Spending Money is Not a Sin

Greeting the New Year With A Discussion of Values

The start of a new year is a good time to consider values you hold dear. Are they still working for you? Maybe you don’t even know what your values are, but the decisions you make are usually based on values. Even if you make a decision because “someone made you do it,” or rather, due to peer pressure, that reflects a value you attach to looking good in front of other people, or earning approval, or something like that.

At this time of year, people may be upset about all the money they spent over the holidays. Except for someone I’ll call Bob. Bob spends very little over the holidays because he values saving a buck above all else. Really? Is that what life is all about? Bob seems to treasure dollar-saving coupons more than his loved ones. Who cares if his wife hasn’t had a night out in months; dinner at home is much cheaper! Who cares if the dishwasher is broken; do without and save some money! It appears that Bob thinks spending money is a sin.

I actually understand this because I used to feel the same. In my 20s, I decided not to attend my best friend’s wedding because I thought it would be irresponsible to spend so much money on the airfare. Oh my gosh, what kind of values does that reflect? Now I realize that my friend is way more important than money. Today, I’d be there for her no matter what.

The fact is that I have always placed a high value on travel, of exploring new places. Yet, in my young adult years, I used to suppress my love of travel, thinking it was self-serving and possibly “wrong” because of the money required. But if you look at the ultimate role model of worthy values—Jesus—you would see that going places offers the opportunity to spread peace to the ends of the earth. Jesus clearly traveled! Granted, he went by foot or boat, but the point is that travel, if anything, is a value that has been blessed by our Lord (Mark 16:15).

Incidentally, Jesus also approved of a woman pouring expensive perfume on his head, to the surprise of many people around him who thought it was wasteful (Mark 14). Jesus valued relationships more than resources.

Yes, being financially responsible is important, but back to Bob who won’t get the damn dishwasher fixed, others are inconvenienced and left feeling unimportant because he doesn’t want to spend a dime. He actually has plenty of money, but due to warped values, he thinks he shouldn’t spend it.

The particular value that I’ll be reassessing for myself this year is one I’ve been trying to shed for a decade: the value I place in perfectly ordering my day. I’m kind of odd in this area, I suppose, but I seriously grieve, even suffer, over wasted time. My peace-of-mind is often disturbed because I’ve spent all morning writing this article, for example, when I really should be doing something else. I scold myself, complain to my husband, and drink too much coffee to work faster and make up for lost time.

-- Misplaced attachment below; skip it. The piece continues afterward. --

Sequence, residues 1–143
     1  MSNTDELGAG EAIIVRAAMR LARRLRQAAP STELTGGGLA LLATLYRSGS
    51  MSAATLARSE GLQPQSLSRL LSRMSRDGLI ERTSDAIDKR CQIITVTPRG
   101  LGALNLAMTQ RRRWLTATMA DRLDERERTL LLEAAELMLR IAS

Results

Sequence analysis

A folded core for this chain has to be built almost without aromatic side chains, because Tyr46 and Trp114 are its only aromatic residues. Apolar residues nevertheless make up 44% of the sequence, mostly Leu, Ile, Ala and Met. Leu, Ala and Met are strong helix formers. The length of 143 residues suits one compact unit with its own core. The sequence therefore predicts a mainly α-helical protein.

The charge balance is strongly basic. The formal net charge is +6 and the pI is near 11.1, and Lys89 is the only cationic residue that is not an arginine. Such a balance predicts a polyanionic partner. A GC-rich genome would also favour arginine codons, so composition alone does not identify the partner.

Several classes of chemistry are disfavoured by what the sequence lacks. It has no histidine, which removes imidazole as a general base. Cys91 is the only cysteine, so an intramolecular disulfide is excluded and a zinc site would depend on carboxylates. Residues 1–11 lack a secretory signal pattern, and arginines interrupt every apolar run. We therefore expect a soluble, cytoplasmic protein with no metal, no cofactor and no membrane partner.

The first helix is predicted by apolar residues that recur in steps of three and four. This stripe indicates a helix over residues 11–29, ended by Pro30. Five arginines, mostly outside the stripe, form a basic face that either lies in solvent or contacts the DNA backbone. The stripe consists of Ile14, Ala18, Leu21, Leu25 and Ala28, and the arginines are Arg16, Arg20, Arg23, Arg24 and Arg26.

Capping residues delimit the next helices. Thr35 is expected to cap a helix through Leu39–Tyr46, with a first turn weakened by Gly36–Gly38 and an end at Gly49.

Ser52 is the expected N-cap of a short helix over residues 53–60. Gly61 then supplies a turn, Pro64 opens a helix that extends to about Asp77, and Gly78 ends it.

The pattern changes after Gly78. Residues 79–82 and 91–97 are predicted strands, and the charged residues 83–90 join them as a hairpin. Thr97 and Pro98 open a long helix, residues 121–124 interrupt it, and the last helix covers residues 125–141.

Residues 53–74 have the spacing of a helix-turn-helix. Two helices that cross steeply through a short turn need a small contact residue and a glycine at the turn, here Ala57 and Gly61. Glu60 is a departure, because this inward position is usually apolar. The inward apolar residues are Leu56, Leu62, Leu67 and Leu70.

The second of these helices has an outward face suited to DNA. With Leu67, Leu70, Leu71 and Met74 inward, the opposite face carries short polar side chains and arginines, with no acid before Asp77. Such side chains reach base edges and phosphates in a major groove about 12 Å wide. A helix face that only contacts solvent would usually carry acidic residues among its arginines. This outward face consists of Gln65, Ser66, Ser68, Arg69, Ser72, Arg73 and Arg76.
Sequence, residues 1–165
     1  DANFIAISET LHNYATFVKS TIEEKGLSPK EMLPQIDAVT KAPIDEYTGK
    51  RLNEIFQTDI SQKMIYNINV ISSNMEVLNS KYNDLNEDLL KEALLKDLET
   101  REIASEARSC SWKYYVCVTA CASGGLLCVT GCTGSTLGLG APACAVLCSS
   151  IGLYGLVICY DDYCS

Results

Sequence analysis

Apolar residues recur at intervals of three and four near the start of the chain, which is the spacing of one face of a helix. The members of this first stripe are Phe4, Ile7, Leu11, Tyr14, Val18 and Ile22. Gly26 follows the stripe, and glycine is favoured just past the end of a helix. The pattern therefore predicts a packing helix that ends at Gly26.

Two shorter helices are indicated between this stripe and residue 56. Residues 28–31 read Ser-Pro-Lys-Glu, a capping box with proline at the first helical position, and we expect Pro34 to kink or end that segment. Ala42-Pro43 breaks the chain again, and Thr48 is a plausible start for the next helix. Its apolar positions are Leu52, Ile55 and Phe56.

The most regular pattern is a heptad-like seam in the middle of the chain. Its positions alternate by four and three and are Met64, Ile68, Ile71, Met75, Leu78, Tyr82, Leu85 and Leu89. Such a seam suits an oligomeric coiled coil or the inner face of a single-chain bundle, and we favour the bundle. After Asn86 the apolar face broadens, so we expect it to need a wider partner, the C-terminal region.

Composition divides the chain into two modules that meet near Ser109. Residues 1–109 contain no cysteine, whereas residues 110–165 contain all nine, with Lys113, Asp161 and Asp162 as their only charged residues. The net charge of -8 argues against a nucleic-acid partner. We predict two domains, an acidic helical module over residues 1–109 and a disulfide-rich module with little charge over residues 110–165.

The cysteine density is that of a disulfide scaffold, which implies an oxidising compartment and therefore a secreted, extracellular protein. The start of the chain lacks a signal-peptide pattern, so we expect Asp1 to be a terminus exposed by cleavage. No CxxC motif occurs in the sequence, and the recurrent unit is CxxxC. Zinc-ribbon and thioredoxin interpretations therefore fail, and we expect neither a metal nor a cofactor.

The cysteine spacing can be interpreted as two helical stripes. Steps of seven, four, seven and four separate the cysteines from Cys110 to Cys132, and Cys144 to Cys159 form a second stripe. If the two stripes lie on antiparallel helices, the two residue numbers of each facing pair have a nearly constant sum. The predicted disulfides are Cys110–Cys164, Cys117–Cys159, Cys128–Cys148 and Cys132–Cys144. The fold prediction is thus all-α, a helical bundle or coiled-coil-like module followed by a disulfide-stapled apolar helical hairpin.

Come to think of it, being overly precious with my time may not be that different than over-valuing money. And who’s to say when spent money and time is really “wasted”? Maybe I’ve learned something by taking too long on a project that goes nowhere. Only God really knows what’s actually going on in any situation; there are too many variables beyond our limited perspective for us to fully understand.

Which leads me to the value I want to hold in highest regard moving forward: the value of trusting God with my life, which includes trusting Him for my imperfect past and use of time. God does not require perfection. Jesus’s friends were crazy imperfect! But God does want us to invite Him into our lives and trust Him even when we make mistakes. If I trust Him with mistakes I’ve made in the past so they stop making me cringe, maybe I’ll be freer and more clear-headed in the future with the choices I make, knowing that I’m not going to rack myself over the coals if I do something like—horror of horrors—mismanage my time.

So the new year provides an opportunity to look at what is really important. If you have a value that is interfering with something that is more valuable, like caring for family and friends, make a willful decision to reshuffle those values. For me, I’m going to elevate the values of keeping my peace-of-mind, complaining less, and trusting God even in my imperfections. As for travel, that value can stay right where it is—close to the top.

2 thoughts on “Spending Money is Not a Sin

  1. Gail Johnston Post author

    Thank you, Paula! I just NOW saw this comment. (I must have my notifications turned off and will look into it.) I’ve been thinking of you recently and to see this comment is a real treat.

  2. Paula

    I value you, dear Gail, and the influence you had on my life. Having a bunch of kids makes you examine your values constantly, doesn’t it? Putting people first is a learned skill, a God-crafted skill. You always seemed to have a head start on that one. Love you, girl, and Happy New Year!


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